RIGA - Latvia has made positive steps towards stabilization of the national economy and sustainable reform policy, EU Commissioner for Economic and Monetary Affairs Joaquin Almunia said.
His comments came following a recent meeting with Latvian Prime Minister Valdis Dombrovskis in which Latvia's progress in implementing its economic stabilization plan, proposed budget amendments and structural reforms was discussed.
The Latvian government is preparing plans to adopt amendments to this year's state budget in line with its obligations to international lenders which bailed out the troubled Baltic country with a 7.5 billion euro loan last year.
Latvia is due to receive a loan payment of 1 billion euros from the European Commission in June.
However, Almunia said Latvia must comply with promised budget and structural reforms if it is to receive the latest loan installment.
In March the International Monetary Fund (IMF) withheld a scheduled 200 million euro payment from Latvia after the government failed to meet strict loan conditions.
Further payments could also be in jeopardy should the government fail to trim its budget deficit to about 5 percent of gross domestic product.
As part of the bailout deal, Latvia pledged not to run a budget deficit in excess of 4.7 percent of GDP for 2009, but has been struggling to meet its obligations in light of the continued economic downturn.
Dombrovskis is expected to discuss the implementation of tough new budget amendments with representatives of the foreign media at a press conference on May 13.
Latvia's GDP fell by 18 percent in the first quarter of this year and there are fears the country could face bankruptcy should the government fail to secure the next loan installment.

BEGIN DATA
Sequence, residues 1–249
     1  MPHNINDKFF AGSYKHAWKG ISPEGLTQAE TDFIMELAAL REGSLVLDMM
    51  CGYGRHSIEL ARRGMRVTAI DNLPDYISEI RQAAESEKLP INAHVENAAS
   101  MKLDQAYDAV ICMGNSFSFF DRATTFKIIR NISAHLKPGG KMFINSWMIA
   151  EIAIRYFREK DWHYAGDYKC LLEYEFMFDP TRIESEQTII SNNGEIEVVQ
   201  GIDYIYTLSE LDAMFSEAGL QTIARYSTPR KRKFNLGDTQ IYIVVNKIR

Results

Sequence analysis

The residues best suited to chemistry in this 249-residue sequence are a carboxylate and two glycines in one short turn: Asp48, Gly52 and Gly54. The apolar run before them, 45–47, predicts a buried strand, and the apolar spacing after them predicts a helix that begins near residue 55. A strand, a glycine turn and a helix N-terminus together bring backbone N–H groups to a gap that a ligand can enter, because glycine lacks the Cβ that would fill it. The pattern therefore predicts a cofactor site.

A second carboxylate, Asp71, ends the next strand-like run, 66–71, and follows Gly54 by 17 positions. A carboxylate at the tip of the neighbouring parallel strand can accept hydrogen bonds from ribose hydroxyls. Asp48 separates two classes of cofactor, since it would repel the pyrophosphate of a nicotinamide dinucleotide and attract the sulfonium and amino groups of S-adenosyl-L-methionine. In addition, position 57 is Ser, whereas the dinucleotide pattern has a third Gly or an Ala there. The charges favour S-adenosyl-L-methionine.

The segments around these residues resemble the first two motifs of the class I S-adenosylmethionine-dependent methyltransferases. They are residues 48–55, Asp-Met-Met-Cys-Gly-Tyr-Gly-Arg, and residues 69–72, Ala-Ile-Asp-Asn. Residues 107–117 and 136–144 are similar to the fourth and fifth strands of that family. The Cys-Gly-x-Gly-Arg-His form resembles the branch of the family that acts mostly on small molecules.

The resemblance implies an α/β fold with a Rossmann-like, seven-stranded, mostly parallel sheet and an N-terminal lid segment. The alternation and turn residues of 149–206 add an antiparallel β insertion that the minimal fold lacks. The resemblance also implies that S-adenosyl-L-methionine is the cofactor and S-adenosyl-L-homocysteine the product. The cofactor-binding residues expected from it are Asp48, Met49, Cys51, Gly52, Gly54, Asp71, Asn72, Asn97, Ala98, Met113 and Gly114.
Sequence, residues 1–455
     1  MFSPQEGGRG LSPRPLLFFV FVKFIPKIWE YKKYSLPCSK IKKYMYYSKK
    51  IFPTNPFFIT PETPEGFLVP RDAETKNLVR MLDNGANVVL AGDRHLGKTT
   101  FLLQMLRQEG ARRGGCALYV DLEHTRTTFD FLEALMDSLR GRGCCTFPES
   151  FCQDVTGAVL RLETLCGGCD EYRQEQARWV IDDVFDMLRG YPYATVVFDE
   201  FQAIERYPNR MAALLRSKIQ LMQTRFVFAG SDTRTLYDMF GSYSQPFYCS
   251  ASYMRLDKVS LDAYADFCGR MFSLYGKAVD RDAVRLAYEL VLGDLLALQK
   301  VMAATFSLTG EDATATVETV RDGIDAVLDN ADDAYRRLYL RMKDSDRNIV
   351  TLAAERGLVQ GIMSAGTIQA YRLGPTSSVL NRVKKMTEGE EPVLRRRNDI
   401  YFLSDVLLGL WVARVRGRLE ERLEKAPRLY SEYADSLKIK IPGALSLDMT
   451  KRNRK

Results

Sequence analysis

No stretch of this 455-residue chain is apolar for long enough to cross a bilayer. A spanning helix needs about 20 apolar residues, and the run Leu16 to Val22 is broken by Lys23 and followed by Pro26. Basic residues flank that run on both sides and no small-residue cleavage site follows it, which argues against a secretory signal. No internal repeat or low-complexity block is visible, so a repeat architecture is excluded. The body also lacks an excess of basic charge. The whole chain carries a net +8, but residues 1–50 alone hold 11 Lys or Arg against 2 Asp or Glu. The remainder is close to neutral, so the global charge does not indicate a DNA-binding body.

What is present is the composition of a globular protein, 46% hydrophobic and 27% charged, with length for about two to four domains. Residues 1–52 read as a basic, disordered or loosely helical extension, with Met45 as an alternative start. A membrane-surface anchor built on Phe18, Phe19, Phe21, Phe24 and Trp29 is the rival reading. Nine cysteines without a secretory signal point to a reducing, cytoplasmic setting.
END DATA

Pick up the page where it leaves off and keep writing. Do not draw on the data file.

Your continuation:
Significant reduction of expenditures is necessary to fulfill the stabilization plan agreed with international lenders, which serves as a basis to receive further financial aid payments.
This step is also seen as crucial to the recovery of Latvia 's economy and stabilization of the country's financial situation.
Dombrovskis has previously warned the latest round of budget cuts will be the most severe.
ON THE AGENDA
The government's harsh austerity measures have sparked outrage in Latvia and further cuts are now imminent.
Public sector workers across the board are facing wage cuts of a further 20 percent as the government attempts to slash public spending.
The move has sparked protests by teachers and student bodies over concerns the severe cuts could downgrade the quality of education in Latvia.
However, despite ongoing economic turmoil Almunia said the European Commission remained optimistic the Latvian government would fulfill its obligations in line with its economic stabilization program.
"We support the government's work aimed at stabilizing its finances and implementing reforms in the most essential areas 's public administration, health care and education. Public support is of great importance," said Almunia following the meeting between Dombrovkis and EU officials.
"The Commission also encourages Latvia's Parliament, political parties and social partners to provide their contribution in this important work in order to regain economic growth, social development and to ensure the pre-conditions for joining the euro zone," he said.
Latvia must amend the budget and reduce inflation if it is to succeed in joining the euro zone by 2011.